Karenin

In The Unberable Lightness of Being, Milan Kundera describes an encounter between Tereza and one of her neighbours while she walked with her beloved dying dog, Karenin:

“Along the way, they met a neighbour who was hurrying off to a cow shed in her rubber boots. The woman stopped long enough to ask. ‘What’s wrong with the dog? It seems to be limping. ‘He has cancer,’ said Tereza. ‘There’s no hope.’ And the lump in her throat kept her from going on. The woman noticed Tereza’s tears and nearly lost her temper: ‘Good heavens! Don’t tell me you’re going to bawl your head off over a dog!’ She was not being vicious; she was a kind woman and merely wanted to comfort Tereza. Tereza understood, and had spent enough time in the country to realize that if the local inhabitants loved every rabbit as she loved Karenin, they would be unable to kill any of them and they and their animals would soon starve to heath. Still, the woman’s words struck her as less than friendly. ‘I understand,’ she answered without protest, but quickly turned her back and went her way. The love she bore her dog made her feel cut off, isolated. With a sad smile, she told herself that she needed to hide it more than she would an affair. People are indignant at the thought of someone loving a dog. But if the neighbour had discovered that Tereza had been unfaithful to Tomas, she would have given Tereza a playful pat on the back as a sign of secret solidarity.”

Walking the Dog. Keith Arnatt. 1976-9.

Walking the Dog. Keith Arnatt. 1976-9.

God saw I was Dog / Dog saw I was God. Peter A Hutchinson. 1975

God saw I was Dog / Dog saw I was God. Peter A Hutchinson. 1975

Kundera also talks about man’s dominion over animals:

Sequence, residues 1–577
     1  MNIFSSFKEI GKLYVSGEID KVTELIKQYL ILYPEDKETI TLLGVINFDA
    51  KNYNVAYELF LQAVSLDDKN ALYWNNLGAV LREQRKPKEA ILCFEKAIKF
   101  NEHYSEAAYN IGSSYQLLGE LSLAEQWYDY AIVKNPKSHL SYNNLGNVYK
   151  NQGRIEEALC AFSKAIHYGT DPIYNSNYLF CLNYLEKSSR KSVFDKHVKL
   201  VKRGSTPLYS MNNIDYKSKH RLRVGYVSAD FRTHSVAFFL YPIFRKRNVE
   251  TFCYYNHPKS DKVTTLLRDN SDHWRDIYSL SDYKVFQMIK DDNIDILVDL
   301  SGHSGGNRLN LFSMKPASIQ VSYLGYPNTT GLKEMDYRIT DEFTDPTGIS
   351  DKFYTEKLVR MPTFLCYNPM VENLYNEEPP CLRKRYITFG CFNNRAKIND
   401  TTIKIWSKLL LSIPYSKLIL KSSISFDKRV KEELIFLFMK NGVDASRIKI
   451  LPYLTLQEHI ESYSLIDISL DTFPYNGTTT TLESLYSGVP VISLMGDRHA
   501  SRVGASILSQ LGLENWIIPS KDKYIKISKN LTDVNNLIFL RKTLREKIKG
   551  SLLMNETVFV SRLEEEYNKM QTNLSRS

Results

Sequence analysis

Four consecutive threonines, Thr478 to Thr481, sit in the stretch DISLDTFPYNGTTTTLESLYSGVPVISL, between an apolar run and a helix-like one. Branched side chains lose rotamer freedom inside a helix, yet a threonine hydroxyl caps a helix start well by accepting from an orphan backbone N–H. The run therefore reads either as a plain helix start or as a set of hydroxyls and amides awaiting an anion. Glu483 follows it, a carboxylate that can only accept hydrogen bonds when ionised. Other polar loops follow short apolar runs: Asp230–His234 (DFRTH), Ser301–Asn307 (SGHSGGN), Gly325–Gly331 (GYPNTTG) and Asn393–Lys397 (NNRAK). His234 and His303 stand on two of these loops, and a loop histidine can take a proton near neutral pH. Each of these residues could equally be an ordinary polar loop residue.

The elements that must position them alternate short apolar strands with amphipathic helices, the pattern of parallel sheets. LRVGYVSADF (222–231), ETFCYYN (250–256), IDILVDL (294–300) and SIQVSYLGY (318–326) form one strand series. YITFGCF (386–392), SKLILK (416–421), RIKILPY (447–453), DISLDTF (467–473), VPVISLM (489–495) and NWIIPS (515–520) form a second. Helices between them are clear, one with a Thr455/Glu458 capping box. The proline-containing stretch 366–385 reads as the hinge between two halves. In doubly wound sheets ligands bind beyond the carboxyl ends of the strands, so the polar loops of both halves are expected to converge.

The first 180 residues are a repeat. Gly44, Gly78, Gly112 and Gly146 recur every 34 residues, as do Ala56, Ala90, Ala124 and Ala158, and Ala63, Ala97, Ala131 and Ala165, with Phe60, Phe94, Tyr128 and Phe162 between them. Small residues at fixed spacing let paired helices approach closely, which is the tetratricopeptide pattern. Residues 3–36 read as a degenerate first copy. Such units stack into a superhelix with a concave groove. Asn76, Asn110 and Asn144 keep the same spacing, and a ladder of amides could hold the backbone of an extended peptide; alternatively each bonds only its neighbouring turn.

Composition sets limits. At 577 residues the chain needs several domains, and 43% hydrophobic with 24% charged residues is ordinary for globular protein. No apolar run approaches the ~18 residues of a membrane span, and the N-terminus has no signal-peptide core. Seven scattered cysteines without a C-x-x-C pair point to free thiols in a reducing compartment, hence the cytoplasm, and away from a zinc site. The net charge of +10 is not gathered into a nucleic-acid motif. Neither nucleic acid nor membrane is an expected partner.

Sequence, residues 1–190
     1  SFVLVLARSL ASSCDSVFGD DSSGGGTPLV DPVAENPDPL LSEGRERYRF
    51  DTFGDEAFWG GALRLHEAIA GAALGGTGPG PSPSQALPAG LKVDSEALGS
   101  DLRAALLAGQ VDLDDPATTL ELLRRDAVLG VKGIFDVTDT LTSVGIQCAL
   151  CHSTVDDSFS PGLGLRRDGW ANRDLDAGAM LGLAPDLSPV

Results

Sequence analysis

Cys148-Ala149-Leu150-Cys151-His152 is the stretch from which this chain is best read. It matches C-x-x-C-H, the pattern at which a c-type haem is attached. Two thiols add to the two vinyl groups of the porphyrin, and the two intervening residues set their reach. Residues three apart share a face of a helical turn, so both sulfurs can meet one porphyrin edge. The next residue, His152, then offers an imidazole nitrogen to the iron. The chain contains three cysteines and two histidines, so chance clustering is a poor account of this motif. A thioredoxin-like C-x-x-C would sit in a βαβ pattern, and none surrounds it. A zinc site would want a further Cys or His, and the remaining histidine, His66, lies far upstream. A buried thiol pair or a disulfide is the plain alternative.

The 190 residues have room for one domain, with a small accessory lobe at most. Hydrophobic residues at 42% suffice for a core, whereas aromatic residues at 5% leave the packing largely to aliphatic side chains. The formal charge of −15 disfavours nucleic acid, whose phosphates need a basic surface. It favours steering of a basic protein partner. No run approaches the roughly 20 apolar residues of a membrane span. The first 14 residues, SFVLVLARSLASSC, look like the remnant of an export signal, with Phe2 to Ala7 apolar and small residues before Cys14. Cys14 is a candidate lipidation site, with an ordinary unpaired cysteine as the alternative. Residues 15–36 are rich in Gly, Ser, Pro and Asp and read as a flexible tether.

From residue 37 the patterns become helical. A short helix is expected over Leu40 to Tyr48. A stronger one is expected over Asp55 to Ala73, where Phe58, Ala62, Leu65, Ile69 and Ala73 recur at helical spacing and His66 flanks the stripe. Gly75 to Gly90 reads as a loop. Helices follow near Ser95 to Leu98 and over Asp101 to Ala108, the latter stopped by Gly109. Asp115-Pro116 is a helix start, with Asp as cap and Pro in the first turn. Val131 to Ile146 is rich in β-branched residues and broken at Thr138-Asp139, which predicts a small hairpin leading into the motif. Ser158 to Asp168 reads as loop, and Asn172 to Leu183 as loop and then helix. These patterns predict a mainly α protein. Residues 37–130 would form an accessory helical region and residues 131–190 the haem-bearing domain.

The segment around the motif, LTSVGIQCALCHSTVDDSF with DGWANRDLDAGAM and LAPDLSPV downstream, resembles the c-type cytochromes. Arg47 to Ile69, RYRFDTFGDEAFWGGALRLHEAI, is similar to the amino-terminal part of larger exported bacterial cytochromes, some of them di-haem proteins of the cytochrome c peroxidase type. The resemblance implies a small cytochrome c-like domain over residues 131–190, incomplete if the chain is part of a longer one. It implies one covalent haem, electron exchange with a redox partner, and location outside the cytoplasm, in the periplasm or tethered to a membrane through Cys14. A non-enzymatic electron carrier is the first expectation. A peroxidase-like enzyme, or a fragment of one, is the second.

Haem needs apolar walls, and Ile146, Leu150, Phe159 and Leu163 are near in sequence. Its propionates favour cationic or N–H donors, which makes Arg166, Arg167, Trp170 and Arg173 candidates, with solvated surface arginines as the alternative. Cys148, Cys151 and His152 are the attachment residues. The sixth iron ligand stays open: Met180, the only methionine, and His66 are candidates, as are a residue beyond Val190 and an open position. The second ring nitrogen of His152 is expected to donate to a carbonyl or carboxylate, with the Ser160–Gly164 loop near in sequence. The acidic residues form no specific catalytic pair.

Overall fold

“The very beginning of Genesis tells us that God created man in order to give him dominion over fish and fowl and all creatures. Of course, Genesis was written by a man, not a horse. There is no certainty that God actually did grant man dominion over other creatures. What seems more likely, in fact, is that man invented God to sanctify the dominion he had usurped for himself over the cow and the horse. Yes, the right to kill a deer or a cow is the only thing that mankind can agree upon, even during the bloodiest of wars. The reason we take that right for granted is that we stand at the top of that hierarchy. But let a third party enter the game –a visitor from another planet, for example, someone to whom God says, ‘Thou shalt have dominion over creatures of all other stars’ — and all at once taking Genesis for granted becomes problematical. Perhaps a man hitched to the cart of a Martian or roasted on the spit by inhabitants of the Milky Way will recall the veal cutlet he used to slice on his dinner plate and apologize (belatedly!) to the cow.”

Advertisements

Olympia

Edouard_Manet_-_Olympia_1863

Olympia. Edouard Manet. 1863.

A Parody of Manet's Olympia with Junyer and Picasso. By Pablo Picasso. 1902.

A Parody of Manet’s Olympia with Junyer and Picasso. By Pablo Picasso. 1902.

The Black and The White. Felix Vallotton. 1919

The Black and The White. Felix Vallotton. 1919

Mel Ramos, Manet's Olympia, 1974. Lithograph.

Mel Ramos, Manet’s Olympia, 1974. Lithograph.

Portrait (Futago). Yasumassa Morimura. 1988

Portrait (Futago). Yasumassa Morimura. 1988

5.1.2

Olympia, YSL Spring 1999 ad campaign for Rive Gauche, shot by Mario Sorrenti.


Eternal Spring

Eternal Spring. Auguste Rodin.

Eternal Spring. Auguste Rodin. 1906-7.


Fallen Angel

Winged Man The Fallen Angel Odilon Redon

Winged Man (The Fallen Angel) Odilon Redon. 1880.


Absence

By Paul Eluard

I speak to you across cities
I speak to you across plains

My mouth is upon your pillow

Both faces of the walls come meeting
My voice discovering you

I speak to you of eternity

O cities memories of cities
Cities wrapped in our desires
Cities come early cities come lately
Cities strong and cities secret
Plundered of their master’s builders
All their thinkers all their ghosts

Fields pattern of emerald
Bright living surviving
The harvest of the sky over our earth
Feeds my voice I dream and weep
I laugh and dream among the flames
Among the clusters of the sun

And over my body your body spreads
The sheet of it’s bright mirror.

Separation. Edvard Munch. 1896.

Separation. Edvard Munch. 1896.


Cheese Man

image

Portrait. Roy Liechtenstein. 1977.


Summer Evening

Summer Evening. Edward Hopper. 1947.

Summer Evening. Edward Hopper. 1947.